George David Sanchez
Barbara Bradley Hagerty spent a year researching the science of spirituality. She concluded that science can't prove or disprove the existence of God.
NPR's Barbara Bradley Hagerty spent a year exploring the science of spirituality for her book Fingerprints of God, and what she concluded was that science can't prove or disprove the existence of God.
"But there was something that I saw in interviewing dozens of scientists," Bradley Hagerty tells NPR's Michele Norris. "The science of spirituality is like a Rorschach test — that you can look at the evidence and come to opposite conclusions."
Bradley Hagerty says that a materialist would say a spiritual experience is just brain chemistry — or firings in the temporal lobe of the brain — and it's all explainable by material means. But someone else could look at the same evidence and say that people are wired to be able to connect with the divine and that brain chemistry is a reflection of an encounter.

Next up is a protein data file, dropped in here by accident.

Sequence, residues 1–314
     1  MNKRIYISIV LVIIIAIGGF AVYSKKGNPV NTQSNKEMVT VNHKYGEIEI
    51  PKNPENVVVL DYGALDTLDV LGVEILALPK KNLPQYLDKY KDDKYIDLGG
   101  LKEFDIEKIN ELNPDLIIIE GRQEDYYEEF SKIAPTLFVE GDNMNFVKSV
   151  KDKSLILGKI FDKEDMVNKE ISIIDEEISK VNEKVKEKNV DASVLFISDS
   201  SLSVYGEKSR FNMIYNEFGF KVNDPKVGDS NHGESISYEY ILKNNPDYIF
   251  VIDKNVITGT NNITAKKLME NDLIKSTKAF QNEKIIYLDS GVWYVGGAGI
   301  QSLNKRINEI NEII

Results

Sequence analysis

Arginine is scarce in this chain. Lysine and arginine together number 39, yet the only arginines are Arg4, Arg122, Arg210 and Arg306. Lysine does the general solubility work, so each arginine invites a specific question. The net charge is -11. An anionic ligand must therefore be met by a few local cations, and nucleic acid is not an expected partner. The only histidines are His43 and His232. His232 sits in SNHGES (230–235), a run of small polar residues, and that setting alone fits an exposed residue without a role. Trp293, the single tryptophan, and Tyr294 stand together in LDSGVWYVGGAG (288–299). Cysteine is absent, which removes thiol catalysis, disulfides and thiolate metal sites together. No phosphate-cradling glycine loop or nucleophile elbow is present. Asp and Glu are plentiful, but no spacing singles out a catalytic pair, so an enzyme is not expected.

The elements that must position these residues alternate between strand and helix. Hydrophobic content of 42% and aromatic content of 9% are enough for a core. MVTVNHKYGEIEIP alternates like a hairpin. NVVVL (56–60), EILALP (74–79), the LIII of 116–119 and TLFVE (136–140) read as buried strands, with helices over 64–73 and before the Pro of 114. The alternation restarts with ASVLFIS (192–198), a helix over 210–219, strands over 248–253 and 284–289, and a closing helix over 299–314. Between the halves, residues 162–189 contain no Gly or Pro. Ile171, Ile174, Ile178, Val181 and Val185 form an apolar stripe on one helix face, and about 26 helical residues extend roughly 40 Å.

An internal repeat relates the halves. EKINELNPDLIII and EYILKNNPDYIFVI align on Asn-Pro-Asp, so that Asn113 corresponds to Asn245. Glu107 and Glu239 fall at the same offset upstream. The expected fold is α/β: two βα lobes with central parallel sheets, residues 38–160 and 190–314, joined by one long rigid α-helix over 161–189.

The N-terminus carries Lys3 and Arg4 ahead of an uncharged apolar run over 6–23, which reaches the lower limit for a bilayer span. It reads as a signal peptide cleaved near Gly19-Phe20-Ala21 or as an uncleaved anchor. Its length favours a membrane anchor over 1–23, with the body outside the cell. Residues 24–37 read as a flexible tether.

Bradley Hagerty says she could have taken 10 more years to research the book.
"One of the great pleasures was interviewing people who have had spiritual experiences; it's not just the scientists," she says, adding she talked with Jews, Christians, Buddhists, Muslims, people who were spiritual but not religious. "One of the interesting things is what they described as a spiritual experience was basically the same: An encounter with light, an encounter with love, often an out-of-body experience. What that told me is spiritual experience is spiritual experience — it's a human phenomenon and in fact, it may be divine."